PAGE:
Two new patents from Apple have come to our attention courtesy of AppleInsider, which could lead to some very useful new technologies if they make it to market.

The first patent application published this week focuses on a method of detecting – and even preventing – cracks to a device’s display, while the second details a method of charging a device on-the-go with a manual winding mechanism.

Coverglass fracture protection

This filing explains how a complex array of sensors could be used to detect hairline fractures in an iPhone’s screen, even before they’re visible to the naked eye. It could potentially even notice display weaknesses before any cracking occurs, and warn the user with an on-screen alert.

coverglass

This tracking could lead to users being more careful in the short term, but its real value is in the reports that could be saved to track the history of any breaks. Not only could the data help Apple pinpoint flaws and build more resilient screens in future, it could serve to help Apple’s customer support staff if a user made a claim for a fix.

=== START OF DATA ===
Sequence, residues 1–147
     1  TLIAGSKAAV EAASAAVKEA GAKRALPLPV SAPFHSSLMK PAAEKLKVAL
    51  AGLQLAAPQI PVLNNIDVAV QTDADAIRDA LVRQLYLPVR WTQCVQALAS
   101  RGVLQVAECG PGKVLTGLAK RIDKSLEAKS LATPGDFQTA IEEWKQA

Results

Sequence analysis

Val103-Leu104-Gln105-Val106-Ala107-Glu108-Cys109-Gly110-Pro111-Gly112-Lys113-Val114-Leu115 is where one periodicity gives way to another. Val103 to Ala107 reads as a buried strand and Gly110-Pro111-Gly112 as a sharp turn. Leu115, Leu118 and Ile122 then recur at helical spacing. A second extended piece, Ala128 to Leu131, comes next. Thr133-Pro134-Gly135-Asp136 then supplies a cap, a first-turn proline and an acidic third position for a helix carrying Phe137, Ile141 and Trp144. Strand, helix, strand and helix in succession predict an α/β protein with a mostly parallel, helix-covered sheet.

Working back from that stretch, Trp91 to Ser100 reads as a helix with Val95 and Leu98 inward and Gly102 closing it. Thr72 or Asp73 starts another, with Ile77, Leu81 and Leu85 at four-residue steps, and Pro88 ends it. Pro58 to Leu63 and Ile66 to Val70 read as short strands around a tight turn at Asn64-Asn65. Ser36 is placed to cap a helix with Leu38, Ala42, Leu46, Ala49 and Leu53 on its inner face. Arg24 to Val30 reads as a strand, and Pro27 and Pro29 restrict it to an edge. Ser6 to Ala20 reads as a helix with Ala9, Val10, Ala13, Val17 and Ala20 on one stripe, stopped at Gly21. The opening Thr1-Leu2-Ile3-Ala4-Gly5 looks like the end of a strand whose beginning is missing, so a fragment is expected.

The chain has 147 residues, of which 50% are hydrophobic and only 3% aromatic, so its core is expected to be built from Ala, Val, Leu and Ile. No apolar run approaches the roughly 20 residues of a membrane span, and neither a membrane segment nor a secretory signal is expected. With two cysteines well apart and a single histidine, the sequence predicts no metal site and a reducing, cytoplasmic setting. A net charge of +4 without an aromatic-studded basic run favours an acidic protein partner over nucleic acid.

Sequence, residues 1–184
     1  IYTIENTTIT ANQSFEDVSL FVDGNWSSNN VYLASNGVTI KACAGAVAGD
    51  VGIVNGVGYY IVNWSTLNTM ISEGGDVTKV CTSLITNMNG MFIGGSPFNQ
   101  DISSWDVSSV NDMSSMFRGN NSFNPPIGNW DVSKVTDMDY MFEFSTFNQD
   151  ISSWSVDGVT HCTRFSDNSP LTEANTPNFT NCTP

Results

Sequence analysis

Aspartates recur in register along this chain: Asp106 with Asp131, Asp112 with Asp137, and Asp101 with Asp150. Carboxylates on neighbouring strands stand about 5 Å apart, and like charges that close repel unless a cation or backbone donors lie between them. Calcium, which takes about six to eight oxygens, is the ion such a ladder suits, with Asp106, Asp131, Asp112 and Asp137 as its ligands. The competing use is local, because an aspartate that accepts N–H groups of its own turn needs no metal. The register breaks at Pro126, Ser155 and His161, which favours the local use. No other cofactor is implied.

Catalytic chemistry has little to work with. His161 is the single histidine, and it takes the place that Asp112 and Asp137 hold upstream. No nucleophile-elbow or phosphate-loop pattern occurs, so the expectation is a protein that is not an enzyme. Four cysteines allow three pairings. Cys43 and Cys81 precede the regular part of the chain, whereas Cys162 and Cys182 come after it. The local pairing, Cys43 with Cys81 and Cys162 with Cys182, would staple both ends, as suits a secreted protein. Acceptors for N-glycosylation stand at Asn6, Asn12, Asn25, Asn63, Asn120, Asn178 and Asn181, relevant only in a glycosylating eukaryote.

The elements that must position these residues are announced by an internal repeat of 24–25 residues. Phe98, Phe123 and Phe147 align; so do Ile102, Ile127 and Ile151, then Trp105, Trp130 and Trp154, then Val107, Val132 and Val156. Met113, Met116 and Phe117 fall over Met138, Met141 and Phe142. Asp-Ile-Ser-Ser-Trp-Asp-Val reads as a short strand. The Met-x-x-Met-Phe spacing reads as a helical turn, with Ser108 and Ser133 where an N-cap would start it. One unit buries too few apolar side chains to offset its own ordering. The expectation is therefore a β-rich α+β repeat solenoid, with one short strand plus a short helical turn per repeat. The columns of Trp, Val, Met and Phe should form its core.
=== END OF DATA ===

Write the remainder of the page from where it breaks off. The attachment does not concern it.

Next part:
You can read more on the filing here.

Magnetic winder/charger

This second patent is aimed primarily at wearables like the Apple Watch, though it does imply that a similar technology could potentially make its way to future iPhones or iPads. It details what is essentially an on-board generator, that could be used to recharge a device through physically winding a mechanism.

windingtech

For the Apple Watch, this could fit perfectly with the Digital Crown on the side of the device – the spinning wheel inspired by traditional wristwatches. Apple’s wearable has been criticized in some quarters for its relatively short battery life; just imagine if navigating menus with the Digital Crown could also beef up your battery life.

You can read the nitty-gritty technical details here.

Who knows if these patents will make it into actual Apple products in future, but these ideas look pretty useful if they do see the light of day. Certainly more likely than some of the unusual Apple patents we looked at last year…